At the Summary Judgment stage, the Chief Judge renews his arguments that the Eleventh Amendment bars all of the § 1983 claims, including the due process counts, because Doyle has not suffered a continuing constitutional violation nor has he sought any relief from the Chief Judge that could be considered prospective. The Chief Judge relies on Sonnleitner v. York, 304 F.3d 074. There, the Seventh Circuit found that when a plaintiff claims that he has been dismissed or demoted in violation of his procedural due process rights, he has not alleged an ongoing constitutional violation. Id. at 718. Specifically, the court concluded that "the violation was not the demotion as such, but instead, the fact that the demotion occurred without an adequate opportunity to be heard." Id.
Doyle fails to provide any meaningful response to the Chief Judge's argument that Doyle's due process allegations do not establish an ongoing constitutional violation argument, stating only "[t]o the extent that this Court may award prospective relief such as injunctive or declaratory relief, 'requiring a state official to conform his or her behavior to the requirements of federal law in the future is not barred by the Eleventh Amendment.'" Resp. to Chief Judge MSJ, at 9 (quoting Hadi v. Horn, 830 F.3d 779, 783 (7th Cir. 1987).
Doyle's Complaint, aside from a general prayer for relief, seeks only actual damages, compensatory damages, and attorney fees. After the benefit of additional time and discovery, Doyle has not established an ongoing constitutional violation, nor has he refined his requested relief to include reinstatement or any other prospective relief which is not barred by the Eleventh Amendment. Accordingly, the Chief Judge is entitled to Summary Judgment on Doyle's due process claims.
B. Defendant Peoria County
Defendant Peoria County argues that Doyle received all the process to which he was due. The Fourteenth Amendment Due Process Clause forbids a state from depriving any person of life, liberty, or property without due process of law. To establish a procedural due process violation, a plaintiff must demonstrate that there is (1) a cognizable property interest; (2) a deprivation of that property interest; and (3) a denial of due process. Hudson v. City of Chicago, 374 F.3d 554, 559 (7th Cir. 2004). Peoria County concedes that, as a member of a union whose employment was subject to a collective bargaining agreement, Doyle had a cognizable property interest in continued employment. Peoria also concedes that Doyle was deprived of that property interest when he was discharged from the Detention Center, and therefore the only issue is whether Doyle received due process.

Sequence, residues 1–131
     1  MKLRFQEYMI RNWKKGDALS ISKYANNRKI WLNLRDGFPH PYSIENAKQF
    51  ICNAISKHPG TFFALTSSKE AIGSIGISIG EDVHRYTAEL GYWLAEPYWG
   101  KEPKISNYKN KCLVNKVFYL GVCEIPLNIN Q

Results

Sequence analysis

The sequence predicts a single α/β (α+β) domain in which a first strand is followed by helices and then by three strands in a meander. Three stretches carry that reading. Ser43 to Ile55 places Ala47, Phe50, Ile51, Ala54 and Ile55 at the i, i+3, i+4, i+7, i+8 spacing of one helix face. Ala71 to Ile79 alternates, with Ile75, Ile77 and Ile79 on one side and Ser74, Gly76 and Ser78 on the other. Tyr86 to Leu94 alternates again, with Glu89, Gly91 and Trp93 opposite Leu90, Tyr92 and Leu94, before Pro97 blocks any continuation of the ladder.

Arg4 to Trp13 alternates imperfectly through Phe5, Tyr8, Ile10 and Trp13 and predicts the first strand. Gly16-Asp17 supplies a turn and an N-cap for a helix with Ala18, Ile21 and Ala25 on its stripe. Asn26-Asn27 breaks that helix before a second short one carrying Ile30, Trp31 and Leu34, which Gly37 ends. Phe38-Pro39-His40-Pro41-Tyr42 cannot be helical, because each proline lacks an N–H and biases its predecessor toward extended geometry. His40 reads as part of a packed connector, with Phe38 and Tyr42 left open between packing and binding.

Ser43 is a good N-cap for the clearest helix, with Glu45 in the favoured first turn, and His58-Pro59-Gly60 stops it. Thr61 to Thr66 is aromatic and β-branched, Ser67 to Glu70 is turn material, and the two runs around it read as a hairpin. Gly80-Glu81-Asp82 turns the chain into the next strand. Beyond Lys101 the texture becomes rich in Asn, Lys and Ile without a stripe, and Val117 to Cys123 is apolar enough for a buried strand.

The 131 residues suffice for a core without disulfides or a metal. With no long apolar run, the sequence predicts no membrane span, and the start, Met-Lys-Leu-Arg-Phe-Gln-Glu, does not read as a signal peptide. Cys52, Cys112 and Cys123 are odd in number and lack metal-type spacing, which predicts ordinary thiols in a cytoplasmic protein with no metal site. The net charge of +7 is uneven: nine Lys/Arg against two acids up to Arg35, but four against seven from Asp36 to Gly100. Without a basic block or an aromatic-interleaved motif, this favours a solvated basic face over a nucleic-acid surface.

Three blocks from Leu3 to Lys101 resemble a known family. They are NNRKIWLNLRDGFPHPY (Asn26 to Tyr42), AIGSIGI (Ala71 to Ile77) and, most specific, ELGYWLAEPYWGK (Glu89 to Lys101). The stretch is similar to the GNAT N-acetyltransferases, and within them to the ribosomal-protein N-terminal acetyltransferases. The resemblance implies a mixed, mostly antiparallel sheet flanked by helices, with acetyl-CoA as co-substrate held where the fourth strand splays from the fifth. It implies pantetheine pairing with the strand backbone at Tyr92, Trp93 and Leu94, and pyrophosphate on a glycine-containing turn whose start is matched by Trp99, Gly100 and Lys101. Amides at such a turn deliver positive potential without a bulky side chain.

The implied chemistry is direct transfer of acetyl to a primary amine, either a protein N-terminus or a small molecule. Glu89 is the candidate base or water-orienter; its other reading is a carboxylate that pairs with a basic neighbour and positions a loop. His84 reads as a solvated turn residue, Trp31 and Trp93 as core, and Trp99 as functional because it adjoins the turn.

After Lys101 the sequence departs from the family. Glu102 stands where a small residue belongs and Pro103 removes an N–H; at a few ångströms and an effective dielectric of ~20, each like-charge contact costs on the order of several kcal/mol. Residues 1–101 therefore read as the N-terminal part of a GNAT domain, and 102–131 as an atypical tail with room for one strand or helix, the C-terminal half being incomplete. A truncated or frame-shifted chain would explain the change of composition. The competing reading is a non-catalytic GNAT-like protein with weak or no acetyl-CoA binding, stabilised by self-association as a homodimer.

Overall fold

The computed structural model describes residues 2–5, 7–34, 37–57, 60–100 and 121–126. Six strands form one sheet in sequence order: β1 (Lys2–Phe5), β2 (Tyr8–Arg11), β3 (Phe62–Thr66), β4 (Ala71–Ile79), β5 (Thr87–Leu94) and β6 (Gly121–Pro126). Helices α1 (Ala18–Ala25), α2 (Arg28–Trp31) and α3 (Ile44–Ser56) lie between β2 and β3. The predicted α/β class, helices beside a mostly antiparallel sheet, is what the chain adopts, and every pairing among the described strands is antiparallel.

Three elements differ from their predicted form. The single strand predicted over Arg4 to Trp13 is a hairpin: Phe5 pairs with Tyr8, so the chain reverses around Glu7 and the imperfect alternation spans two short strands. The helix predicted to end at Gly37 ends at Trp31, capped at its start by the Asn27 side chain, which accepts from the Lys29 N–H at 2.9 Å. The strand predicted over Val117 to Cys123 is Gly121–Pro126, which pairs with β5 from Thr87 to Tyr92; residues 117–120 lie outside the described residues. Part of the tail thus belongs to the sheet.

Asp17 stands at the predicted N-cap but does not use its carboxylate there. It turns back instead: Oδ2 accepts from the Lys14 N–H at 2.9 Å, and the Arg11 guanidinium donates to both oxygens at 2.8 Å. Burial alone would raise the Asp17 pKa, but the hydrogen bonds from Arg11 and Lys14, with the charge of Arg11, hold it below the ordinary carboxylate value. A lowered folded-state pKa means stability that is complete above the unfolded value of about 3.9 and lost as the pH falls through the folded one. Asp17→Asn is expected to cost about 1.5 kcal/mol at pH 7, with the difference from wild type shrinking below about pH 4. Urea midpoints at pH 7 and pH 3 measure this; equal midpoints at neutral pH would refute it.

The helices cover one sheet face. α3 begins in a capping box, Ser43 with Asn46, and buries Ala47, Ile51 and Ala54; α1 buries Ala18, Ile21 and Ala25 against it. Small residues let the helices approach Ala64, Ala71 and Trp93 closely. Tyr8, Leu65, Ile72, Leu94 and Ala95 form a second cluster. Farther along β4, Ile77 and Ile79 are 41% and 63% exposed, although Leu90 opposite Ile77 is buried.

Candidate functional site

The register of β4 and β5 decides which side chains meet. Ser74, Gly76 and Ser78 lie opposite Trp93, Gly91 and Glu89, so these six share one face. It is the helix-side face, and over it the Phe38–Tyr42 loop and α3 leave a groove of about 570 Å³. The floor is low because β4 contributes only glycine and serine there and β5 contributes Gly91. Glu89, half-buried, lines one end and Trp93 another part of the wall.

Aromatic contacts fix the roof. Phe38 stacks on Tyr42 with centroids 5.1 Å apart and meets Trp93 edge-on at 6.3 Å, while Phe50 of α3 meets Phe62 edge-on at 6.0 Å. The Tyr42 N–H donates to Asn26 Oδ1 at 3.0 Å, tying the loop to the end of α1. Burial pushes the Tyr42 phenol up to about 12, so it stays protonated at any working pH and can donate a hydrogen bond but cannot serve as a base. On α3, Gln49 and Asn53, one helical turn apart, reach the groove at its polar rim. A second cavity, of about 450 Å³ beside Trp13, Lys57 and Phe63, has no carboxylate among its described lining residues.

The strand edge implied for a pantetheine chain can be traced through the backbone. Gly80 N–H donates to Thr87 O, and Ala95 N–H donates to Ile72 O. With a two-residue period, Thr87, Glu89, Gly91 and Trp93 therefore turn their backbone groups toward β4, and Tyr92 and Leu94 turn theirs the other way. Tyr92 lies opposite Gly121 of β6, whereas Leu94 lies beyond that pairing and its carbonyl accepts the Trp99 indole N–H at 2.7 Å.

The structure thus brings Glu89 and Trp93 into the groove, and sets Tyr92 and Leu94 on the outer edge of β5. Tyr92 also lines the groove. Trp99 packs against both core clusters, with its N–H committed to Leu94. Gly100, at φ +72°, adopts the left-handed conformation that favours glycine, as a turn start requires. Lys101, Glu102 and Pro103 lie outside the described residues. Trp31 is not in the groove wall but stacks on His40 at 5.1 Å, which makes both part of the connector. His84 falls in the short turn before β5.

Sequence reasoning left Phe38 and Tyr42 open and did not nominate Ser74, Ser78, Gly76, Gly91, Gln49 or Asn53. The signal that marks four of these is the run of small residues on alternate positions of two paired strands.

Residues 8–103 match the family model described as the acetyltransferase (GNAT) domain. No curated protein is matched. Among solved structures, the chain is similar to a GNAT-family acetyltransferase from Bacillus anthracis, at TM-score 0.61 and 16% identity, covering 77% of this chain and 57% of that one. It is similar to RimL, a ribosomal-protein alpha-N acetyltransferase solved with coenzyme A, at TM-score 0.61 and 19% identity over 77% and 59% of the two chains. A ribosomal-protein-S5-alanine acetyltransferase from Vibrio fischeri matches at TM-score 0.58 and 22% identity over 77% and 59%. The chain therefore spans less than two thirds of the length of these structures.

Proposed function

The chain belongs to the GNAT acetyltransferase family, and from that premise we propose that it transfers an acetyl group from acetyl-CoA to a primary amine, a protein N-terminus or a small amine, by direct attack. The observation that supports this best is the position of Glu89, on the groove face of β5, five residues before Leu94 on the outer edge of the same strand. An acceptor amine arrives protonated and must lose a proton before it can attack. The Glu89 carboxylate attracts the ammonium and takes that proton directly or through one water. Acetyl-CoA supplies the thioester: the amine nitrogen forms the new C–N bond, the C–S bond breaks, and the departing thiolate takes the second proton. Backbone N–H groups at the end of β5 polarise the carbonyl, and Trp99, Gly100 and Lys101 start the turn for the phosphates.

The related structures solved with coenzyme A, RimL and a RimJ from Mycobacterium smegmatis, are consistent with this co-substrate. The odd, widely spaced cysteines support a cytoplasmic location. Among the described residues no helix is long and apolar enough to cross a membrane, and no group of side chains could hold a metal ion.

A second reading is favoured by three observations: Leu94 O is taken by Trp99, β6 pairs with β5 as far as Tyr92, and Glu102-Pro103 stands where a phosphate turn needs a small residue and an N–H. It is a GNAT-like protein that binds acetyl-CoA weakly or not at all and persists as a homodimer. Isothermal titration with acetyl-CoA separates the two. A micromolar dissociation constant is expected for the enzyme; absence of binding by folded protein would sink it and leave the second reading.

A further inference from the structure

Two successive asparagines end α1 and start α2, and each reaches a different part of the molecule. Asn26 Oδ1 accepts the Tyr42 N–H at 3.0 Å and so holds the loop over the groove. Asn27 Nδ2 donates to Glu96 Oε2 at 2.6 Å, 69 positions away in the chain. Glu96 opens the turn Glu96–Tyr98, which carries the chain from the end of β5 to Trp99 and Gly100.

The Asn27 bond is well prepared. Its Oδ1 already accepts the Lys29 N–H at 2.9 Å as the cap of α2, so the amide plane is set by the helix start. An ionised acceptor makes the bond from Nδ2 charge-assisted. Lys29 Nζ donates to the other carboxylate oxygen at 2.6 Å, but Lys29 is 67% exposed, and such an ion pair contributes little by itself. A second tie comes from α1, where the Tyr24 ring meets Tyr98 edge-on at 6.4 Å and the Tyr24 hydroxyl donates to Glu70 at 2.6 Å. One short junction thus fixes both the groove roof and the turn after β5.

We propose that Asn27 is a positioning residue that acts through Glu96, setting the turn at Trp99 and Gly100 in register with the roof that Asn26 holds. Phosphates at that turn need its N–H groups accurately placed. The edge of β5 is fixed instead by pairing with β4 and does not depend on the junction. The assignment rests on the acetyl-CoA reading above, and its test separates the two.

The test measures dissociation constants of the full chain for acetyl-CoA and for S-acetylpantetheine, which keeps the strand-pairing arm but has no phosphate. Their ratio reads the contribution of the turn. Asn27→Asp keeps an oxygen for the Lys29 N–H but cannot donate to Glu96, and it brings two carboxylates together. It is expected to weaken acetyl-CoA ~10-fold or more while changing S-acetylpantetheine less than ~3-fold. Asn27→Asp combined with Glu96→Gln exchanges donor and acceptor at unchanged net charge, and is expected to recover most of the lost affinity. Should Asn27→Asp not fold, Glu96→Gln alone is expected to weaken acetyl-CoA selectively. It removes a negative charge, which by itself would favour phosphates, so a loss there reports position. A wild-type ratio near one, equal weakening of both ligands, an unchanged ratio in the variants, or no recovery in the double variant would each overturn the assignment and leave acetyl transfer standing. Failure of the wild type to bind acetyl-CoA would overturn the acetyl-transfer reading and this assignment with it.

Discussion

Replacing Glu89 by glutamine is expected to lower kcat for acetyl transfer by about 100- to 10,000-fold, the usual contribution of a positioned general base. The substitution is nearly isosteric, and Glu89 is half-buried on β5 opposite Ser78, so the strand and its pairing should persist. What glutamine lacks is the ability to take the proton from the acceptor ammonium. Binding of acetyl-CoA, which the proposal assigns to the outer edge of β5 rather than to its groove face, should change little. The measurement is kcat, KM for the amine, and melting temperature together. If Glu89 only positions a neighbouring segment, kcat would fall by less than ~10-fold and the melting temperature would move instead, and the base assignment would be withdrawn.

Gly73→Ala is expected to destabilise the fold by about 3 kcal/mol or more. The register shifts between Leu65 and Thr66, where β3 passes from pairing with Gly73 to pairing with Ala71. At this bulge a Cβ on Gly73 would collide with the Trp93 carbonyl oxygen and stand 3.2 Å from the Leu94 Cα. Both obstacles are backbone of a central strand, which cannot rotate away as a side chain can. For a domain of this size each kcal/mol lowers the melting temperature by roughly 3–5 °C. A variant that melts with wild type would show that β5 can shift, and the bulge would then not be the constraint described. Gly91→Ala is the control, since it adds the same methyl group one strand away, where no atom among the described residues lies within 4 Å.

The Court begins its analysis by noting that due process is not a "technical conception with a fixed content," but rather is "flexible and calls for such procedural protections as the particular situation demands." Mathews v. Eldridge, 424 U.S. 319, 334 (1976). The fundamental requirement of due process is an opportunity to be heard "at a meaningful time and in a meaningful manner." Armstrong v. Manzo, 380 U.S. 545, 552 (1965).
Generally, "some form" of pre-termination process is necessary for public employees who are terminated. Cleveland Bd. of Educ. v. Loudermill, 470 U.S. 532, 542 (1985). The pre-termination hearing, however, need not be a full evidentiary hearing or formal in nature, id. at 545, and in fact, the scope and formality of the required pre-termination process "depends on the other pre- and post-termination procedures available to the employees." Schacht v. Wisconsin Dep't of Corr., 175 F.3d 497, 503 (7th Cir. 1999); see also Hudson, at 374 F.3d at 560 ("[a]s long as substantial post-deprivation process is available, the pre-deprivation process required when terminating an employee often need not be elaborate or extensive"). A sufficient pre-termination process typically requires (1) notice of the charges; (2) an explanation of the employer's evidence; and (3) an opportunity for the employee to tell his side of the story. Wainscott v. Henry, 315 F.3d 844, 852 (7th Cir. 2003). But again, if there are elaborate post-termination procedures in place, a pre-termination hearing consisting only of notice of the charges and an informal opportunity to respond to them will pass constitutional muster. See Schacht, 175 F.3d at 503.